The grid of the law

Mower County's attorneys work through the Minnesota's gridwork of criminal law to hand down sentences. Eric Johnson/photodesk@austindailyherald.com

Mower County’s attorneys work through the Minnesota’s gridwork of criminal law to hand down sentences. Eric Johnson/photodesk@austindailyherald.com

There’s a book inside Mower County Attorney Kristen Nelsen’s Office. At more than 2,000 pages, it’s a mammoth guide to Minnesota’s criminal law.

On a cold day in February, Nelsen had yet to update her copy (which she had received a few days before) with highlights, sticky notes and other quick references she needs on a daily basis.

“This is what we get every year,” Nelsen said.

It’s the book that helps lawyers decipher Minnesota’s criminal sentencing guidelines. The guidelines are simple, in theory: Two grids, one for regular crimes and one for sex crimes.The more crimes you commit, the more points you get.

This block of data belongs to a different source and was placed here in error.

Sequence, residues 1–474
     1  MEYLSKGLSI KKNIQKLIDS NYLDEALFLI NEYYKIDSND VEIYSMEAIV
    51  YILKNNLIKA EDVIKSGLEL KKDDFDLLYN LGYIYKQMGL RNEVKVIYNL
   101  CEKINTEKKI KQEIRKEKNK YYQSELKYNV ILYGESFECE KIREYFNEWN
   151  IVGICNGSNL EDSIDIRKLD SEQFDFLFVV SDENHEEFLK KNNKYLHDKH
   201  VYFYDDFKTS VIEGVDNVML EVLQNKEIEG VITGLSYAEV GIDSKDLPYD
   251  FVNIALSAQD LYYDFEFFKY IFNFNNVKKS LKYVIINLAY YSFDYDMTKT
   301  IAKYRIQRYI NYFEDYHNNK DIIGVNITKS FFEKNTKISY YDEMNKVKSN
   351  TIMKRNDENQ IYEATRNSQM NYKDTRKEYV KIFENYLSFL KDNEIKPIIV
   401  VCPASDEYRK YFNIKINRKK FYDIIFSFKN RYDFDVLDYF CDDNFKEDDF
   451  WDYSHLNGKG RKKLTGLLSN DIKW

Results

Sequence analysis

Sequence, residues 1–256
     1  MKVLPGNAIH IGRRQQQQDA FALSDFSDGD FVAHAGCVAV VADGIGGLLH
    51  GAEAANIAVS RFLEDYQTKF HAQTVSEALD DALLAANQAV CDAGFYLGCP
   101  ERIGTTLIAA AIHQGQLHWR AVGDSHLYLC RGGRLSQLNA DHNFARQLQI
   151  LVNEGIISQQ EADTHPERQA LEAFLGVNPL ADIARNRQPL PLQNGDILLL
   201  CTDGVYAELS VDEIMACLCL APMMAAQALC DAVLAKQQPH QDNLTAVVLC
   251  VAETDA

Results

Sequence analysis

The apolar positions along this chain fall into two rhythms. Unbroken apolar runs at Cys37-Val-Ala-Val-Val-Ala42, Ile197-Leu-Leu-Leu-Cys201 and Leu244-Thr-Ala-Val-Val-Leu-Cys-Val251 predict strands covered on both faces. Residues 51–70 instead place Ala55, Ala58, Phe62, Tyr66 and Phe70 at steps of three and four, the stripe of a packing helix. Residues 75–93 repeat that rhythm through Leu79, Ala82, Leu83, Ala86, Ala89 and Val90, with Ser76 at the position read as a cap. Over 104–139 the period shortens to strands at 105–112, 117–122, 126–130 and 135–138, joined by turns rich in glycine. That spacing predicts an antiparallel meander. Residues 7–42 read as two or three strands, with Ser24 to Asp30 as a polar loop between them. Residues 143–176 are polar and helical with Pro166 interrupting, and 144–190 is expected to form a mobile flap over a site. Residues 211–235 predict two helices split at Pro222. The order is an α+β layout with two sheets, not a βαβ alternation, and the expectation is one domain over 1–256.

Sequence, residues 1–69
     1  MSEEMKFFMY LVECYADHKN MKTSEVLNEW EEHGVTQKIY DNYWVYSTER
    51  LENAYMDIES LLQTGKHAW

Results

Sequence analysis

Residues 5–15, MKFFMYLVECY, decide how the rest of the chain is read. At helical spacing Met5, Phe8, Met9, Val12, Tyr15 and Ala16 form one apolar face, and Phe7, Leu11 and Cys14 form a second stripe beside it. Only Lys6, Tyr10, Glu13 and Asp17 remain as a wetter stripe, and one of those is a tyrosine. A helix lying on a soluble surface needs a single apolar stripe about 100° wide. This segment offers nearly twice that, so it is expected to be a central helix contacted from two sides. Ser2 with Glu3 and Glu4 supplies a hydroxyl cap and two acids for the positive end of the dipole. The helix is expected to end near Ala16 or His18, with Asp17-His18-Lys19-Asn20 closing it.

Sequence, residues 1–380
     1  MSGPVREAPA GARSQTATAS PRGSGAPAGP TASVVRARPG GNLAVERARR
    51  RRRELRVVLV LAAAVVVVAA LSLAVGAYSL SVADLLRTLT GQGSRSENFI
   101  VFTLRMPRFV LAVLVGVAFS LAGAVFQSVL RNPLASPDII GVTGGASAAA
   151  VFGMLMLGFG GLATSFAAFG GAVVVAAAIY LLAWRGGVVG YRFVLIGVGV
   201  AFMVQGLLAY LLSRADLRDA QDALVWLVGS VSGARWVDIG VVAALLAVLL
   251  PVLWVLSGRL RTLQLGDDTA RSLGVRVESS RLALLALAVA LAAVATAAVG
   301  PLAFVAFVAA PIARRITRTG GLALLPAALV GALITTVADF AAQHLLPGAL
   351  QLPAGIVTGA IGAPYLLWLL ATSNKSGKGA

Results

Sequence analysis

Larger crimes give you a larger chance at prison, based on what type of crime you commit.

That’s what the county attorney’s office works with every day. Minnesota’s sentencing guidelines are the complex framework in which our state’s criminal law is decided. The guidelines determine how people are punished for crimes they commit, and the state’s judicial system by and large abides by them.

 ‘Fairness and consistency’

The U.S. legal system today owes a huge debt to William Blackstone. An 18th century English scholar, Blackstone’s four-part work, “Commentaries on the Laws of England,” helped solidify England’s legal system and was a large influence on U.S. law.

It provided guidance to the English and to Americans, as before Blackstone, England’s court system produced wildly inconsistent punishments for similar cases.

Fast-forward a few hundred years to 1981, where Minnesota became the first state to create its own sentencing guidelines. Once again, state legal experts were looking to solidify criminal law and produce a clear set of rules for criminal punishments.

“It’s all about fairness and consistency, so that criminals aren’t getting unfair sentences based on geography, race, gender, and other factors,” Hennepin County District Judge Fred Karasov said. “Before that, there was a lot of disparity that had nothing to do with the offense.”